Debt-laden Solid Energy talking to banks

MARTA STEEMAN, HAMISH RUTHERFORD AND TRACY WATKINS
Last updated 18:55 21/02/2013
DEBT PILING UP: State-owned Enterprises Minister Tony Ryall says a number of factors have weighed against Solid Energy, in particular world coal prices dropping by 40 per cent.
PETER DRURY/ Fairfax NZ

DEBT PILING UP: State-owned Enterprises Minister Tony Ryall says a number of factors have weighed against Solid Energy, in particular world coal prices dropping by 40 per cent.

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Any more restructuring at Solid Energy will cut its operations ‘‘right to the bone’’, the Engineering, Printing and Manufacturing Union (EPMU) says.

The Government today revealed the distressed state of the state-owned coal miner, which is struggling with heavy debt. Finance Minister Bill English said the company’s board was working with Treasury, advisors and the banks about further restructuring options, with the aim of returning the company to a sustainable financial position.

The company itself revealed it had $389 million of debt and was talking to Treasury and its banks about equity and debt support.

EPMU assistant secretary Ged O’Connell, whose union represents miners at Solid Energy, said the company’s revenues came from coal so he could not see they could cut more jobs in that area.

Solid Energy made 450 employees redundant in November, 25 per cent of its staff, which included at least a couple of hundred miners.

‘‘At this stage we can only think they will be backroom jobs because we think they will be needing to produce coal to get revenue,’’ O’Connell said.

Stockton Mine near Westport was the biggest and also operating were an opencast and an underground mine at Huntly, and an open cast mine at Reefton. The costly-to- run underground mine, Spring Creek, had been closed.

The company might close its new lignite to briquettes plant at Mataura, O’Connell said, as well as other alternative energy strategies - coal seam gas exploration, underground coal gasification and lignite to fertiliser conversion in various stage of concept and development.

‘‘I think if last time if they didn’t cut to the bone they are just going to have cut right to the bone now. I  think more than that they are going to have to get government financial support to see them through this particular period,’’ O’Connell said.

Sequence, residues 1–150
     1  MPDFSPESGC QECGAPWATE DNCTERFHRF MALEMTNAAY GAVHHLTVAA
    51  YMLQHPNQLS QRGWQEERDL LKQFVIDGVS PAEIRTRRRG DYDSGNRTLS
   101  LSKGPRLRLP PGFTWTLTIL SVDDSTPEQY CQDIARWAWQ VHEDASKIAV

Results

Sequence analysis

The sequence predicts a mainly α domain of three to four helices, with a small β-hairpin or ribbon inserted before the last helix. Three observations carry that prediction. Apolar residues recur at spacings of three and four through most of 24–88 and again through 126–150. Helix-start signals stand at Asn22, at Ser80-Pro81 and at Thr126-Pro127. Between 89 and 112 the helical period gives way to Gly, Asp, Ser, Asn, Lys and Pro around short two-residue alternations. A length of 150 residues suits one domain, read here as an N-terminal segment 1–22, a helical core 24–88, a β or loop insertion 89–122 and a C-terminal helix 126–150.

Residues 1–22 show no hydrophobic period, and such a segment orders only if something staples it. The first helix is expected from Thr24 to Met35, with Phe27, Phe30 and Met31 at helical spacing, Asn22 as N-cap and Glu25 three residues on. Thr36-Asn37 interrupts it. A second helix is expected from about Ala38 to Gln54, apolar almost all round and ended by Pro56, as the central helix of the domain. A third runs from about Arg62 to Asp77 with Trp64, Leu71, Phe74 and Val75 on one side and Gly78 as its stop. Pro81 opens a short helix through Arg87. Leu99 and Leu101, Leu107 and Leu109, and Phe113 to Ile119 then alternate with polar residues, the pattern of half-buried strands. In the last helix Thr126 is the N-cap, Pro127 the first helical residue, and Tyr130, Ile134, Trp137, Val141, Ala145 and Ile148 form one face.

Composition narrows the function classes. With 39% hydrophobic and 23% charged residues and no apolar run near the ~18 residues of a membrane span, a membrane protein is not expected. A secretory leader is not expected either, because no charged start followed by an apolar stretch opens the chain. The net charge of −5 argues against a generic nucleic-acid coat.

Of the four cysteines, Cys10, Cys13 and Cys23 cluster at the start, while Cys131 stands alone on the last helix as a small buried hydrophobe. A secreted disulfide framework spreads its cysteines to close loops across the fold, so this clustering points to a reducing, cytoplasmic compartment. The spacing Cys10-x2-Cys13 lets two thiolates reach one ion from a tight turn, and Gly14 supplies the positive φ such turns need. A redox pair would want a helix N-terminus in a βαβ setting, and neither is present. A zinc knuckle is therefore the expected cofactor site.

‘‘It looks like they have got themselves in such a state that they may well be in a financial bind and they need significant backing from the owner, an injection of capital obviously.‘‘

The union had not heard anything about more job losses but it would have to be consulted if there were more jobs axed among miners.

More mining had been part of the Government’s economic strategy. ‘‘What other economic strategy has the Government got?’’ he asked.

‘‘We would be fairly confident in what we know that, yes, it will recover but it might take two to three years to recover,’’ O’Connell said.

SOLID WON'T GO INTO RECEIVERSHIP - ENGLISH

At a media briefing this afternoon, English confirmed there had been differences of opinion for some time over the direction of the company, whose chief executive resigned earlier this month.

"There will be the opportunity for us to go back and look pretty hard at the governance and the monitoring."

The Government would not let the company go into receivership, English said. He would not directly answer questions about a taxpayer-funded bailout, but would not rule it out.

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"Our best advice is there is an ongoing viable business there." However, it was yet to be seen whether the company was worth anything. The company had not missed any repayments to his knowledge.

He would not rule out more mine closures.

Coal prices had declined and the company's alternative activities had not performed as expected.

State-owned Enterprises Minister Tony Ryall said a number of factors had weighed against the company, in particular world coal prices dropping by 40 per cent.

"It is facing very serious financial challenges," Ryall said.

Ryall declined to say whether Don Elder received a payout on his departure as chief executive on February 4.

LABOUR: 'NATIONAL CAN'T RUN AN ECONOMY'

Labour State-owned Enterprises spokesman Clayton Cosgrove accused National of turning Solid Energy into a "basket-case".

"Four years ago it was a profitable business, now it's a train wreck. This is National's mismanagement.

"[Prime Minister] John Key is supposed to be a business guru, but National can't run an economy and they've proved they can't run a business,'' Cosgrove said in a statement.

"Solid Energy appears on the verge of collapse. This must be the first time any Government has overseen such a massive failure in a state owned asset.''

Earlier this week, Key said it was very unlikely Solid Energy would be sold in the near future.

The state-owned coal miner bought Pike River Coal last year, after the company went into receivership following an explosion that killed 29 workers in 2010.

Solid Energy was last bailed out in 1999 and laid off 120 staff.

Chairman Tim Saunders said at the time that "without restructuring the company would not be able to exist".

- © Fairfax NZ News

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